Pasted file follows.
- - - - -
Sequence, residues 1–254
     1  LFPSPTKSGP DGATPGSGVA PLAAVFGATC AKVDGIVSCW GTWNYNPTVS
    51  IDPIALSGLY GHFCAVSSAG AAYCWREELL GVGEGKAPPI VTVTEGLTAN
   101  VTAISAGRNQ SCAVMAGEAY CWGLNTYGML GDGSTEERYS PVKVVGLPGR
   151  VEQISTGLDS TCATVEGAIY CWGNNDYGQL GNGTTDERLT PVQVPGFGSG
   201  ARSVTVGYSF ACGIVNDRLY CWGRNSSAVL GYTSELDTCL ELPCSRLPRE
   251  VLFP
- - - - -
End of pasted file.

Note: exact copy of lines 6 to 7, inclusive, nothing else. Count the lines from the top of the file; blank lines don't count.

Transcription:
   201  ARSVTVGYSF ACGIVNDRLY CWGRNSSAVL GYTSELDTCL ELPCSRLPRE
   251  VLFP